LAHORE: Saudi officials have arrived in Pakistan to hire doctors for the Saudi ministries for health and defence and are to interview candidates this month, The Express Tribune has learnt.

The recruitment is being done via the Overseas Employment Corporation, a federal government body under the Ministry of Human Resource Development, according to official documents.
Doctors intending to interview for the jobs said that they were applying because of the high salaries and better working conditions in Saudi Arabia. But a professor voiced concern that the government was facilitating the departure of Pakistani doctors when there was already a shortage of qualified medical professionals here.
Consultants and specialists
The Saudis are looking to hire home healthcare consultants, health education specialists, paediatric intensive care unit (ICU) consultants, anaesthetists, internal medicine consultants and a chief of internal medicine.
An OEC official involved in the hiring process refused to say exactly where the interviews would be conducted, except that there would be separate rounds in Islamabad, Karachi and Lahore.
He said that as a rough guideline, the candidates for consultants should be Fellows of College of Physicians and Surgeons (FCPS) and have three years of experience. Candidates applying for specialists’ posts should be Members of the College of Physicians and Surgeons. He added that the Saudi officials had the power to offer jobs and decide salaries on the spot.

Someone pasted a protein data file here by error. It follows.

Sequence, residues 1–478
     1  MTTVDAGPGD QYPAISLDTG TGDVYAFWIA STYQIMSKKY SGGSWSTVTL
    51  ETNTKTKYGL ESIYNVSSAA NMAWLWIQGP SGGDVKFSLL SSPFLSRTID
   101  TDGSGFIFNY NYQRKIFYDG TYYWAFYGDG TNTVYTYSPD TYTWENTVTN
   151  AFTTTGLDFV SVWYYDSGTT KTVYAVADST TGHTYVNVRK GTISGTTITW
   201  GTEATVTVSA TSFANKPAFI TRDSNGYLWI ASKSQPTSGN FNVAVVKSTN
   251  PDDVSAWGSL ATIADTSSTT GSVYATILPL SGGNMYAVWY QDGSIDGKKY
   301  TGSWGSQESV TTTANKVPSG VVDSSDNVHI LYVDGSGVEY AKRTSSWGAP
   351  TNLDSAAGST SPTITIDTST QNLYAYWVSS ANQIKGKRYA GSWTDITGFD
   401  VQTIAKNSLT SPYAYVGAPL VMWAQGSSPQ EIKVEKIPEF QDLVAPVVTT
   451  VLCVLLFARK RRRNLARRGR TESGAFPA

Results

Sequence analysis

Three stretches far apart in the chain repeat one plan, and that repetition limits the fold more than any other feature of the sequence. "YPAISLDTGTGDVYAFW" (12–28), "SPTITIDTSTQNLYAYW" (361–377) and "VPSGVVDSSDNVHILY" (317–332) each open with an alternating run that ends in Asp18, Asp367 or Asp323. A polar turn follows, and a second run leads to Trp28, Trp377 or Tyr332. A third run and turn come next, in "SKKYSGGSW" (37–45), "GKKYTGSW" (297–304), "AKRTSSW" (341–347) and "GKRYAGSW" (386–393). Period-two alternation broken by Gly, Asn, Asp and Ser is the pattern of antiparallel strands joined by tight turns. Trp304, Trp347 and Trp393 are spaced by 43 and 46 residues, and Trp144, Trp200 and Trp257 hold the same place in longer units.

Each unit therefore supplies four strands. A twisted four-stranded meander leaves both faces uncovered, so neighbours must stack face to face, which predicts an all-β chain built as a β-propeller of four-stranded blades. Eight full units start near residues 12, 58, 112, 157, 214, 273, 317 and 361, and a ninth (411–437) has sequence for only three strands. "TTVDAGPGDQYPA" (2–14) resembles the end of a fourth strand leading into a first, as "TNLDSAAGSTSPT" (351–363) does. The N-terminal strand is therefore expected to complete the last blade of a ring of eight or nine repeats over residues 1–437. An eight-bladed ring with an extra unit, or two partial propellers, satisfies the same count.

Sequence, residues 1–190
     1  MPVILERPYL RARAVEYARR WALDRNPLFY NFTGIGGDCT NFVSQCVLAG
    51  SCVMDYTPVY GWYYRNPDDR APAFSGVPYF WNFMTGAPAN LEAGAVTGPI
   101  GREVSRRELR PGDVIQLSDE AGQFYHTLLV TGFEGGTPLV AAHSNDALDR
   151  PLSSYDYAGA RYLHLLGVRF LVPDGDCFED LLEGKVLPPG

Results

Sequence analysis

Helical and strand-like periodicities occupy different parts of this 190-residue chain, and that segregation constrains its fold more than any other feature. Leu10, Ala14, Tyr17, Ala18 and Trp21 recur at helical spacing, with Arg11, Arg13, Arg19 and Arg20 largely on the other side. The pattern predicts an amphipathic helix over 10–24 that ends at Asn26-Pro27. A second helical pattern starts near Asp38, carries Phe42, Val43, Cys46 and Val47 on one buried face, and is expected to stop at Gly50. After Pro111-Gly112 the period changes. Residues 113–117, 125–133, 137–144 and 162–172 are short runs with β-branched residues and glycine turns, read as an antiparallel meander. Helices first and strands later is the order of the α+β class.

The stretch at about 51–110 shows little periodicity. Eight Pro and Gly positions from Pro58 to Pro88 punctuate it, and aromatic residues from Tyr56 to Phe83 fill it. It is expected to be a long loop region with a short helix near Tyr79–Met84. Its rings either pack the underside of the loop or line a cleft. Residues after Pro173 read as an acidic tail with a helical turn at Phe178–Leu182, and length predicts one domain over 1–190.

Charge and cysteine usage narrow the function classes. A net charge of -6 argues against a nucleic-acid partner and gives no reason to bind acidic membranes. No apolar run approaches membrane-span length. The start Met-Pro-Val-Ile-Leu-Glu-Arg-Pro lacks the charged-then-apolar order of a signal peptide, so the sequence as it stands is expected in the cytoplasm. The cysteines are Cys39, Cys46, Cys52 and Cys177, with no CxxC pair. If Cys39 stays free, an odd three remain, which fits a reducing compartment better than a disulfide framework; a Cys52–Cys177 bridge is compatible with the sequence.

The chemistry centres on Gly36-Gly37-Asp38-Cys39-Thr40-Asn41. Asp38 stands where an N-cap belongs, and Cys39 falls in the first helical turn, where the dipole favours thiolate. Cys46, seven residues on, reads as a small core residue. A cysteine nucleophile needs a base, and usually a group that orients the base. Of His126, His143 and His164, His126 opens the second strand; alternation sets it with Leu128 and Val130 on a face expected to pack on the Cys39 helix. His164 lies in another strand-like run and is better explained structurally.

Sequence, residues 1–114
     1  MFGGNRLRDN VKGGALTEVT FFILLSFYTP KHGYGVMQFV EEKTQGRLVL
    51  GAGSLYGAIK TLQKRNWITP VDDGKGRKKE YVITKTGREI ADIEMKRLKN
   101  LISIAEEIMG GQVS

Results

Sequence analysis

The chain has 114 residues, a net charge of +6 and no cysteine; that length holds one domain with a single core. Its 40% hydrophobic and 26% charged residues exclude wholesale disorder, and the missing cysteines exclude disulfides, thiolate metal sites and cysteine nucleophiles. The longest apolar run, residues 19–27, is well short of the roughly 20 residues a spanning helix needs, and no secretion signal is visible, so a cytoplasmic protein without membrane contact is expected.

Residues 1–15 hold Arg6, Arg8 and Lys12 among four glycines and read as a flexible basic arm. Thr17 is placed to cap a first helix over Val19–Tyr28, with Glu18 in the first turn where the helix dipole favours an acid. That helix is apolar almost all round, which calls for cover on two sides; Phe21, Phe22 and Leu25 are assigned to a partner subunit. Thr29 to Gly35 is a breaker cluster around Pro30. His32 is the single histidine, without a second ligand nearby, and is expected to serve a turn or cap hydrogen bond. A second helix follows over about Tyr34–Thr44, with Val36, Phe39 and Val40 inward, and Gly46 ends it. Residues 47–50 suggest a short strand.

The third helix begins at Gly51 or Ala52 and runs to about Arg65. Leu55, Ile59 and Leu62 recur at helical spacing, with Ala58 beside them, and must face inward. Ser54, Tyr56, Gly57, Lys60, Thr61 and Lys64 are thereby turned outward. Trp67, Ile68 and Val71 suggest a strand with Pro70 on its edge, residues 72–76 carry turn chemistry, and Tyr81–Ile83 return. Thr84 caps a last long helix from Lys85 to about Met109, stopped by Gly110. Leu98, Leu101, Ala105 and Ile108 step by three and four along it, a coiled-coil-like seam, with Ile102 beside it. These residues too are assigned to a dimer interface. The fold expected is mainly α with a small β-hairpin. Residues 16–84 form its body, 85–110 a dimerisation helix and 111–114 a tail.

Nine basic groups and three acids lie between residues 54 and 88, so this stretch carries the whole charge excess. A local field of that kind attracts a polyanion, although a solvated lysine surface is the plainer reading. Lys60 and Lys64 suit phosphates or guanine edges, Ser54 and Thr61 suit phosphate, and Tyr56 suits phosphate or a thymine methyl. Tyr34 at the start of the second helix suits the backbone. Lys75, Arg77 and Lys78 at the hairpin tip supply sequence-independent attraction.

“A doctor with FCPS and two years experience would get 16,000 Saudi Riyals (Rs387,774) per month at least,” he estimated. “Doctors with longer experience in a field like anaesthesia can get up to 36,000 Saudi Riyals (Rs872,492) per month,” the OEC official said.
Candidates
A doctor who works at a government hospital in Lahore and who is planning to apply for a specialist job said that his main motivation was money. “I am getting around Rs70,000 a month here and if I go to Saudi Arabia I am likely to get at least Rs450,000. The residence will be provided by the Saudi government. The hiring is on contract and can be extended on performance and request. For me, it’s a good option,” he said.
He said that a benefit of applying via the OEC was that candidates would be secure in the knowledge that the scheme wasn’t a fraud. “If you go through a private firm there is a risk … you may have to pay a hefty amount as a ‘processing fee’,” the doctor said.
A professor at Services Hospital said that another reason Pakistani doctors were quitting the country was the poor working conditions in Pakistan. “I know doctors who came here from abroad to serve the country, but couldn’t stay because people here didn’t let them work. It’s important to know why doctors leave, if you really want to stop them. The government should do a study to find out why good doctors go abroad,” he said.
A professor at Lahore General Hospital voiced concern about brain drain. “There is already a shortage of doctors in several departments, like ICUs, emergency wards and anaesthesia. No matter how hard you work to build your hospitals, you cannot run them without good doctors,” he said. “Instead of doing something to stop the brain drain, the government is facilitating other governments to hire its best doctors.”
Published in The Express Tribune, April 24th, 2012.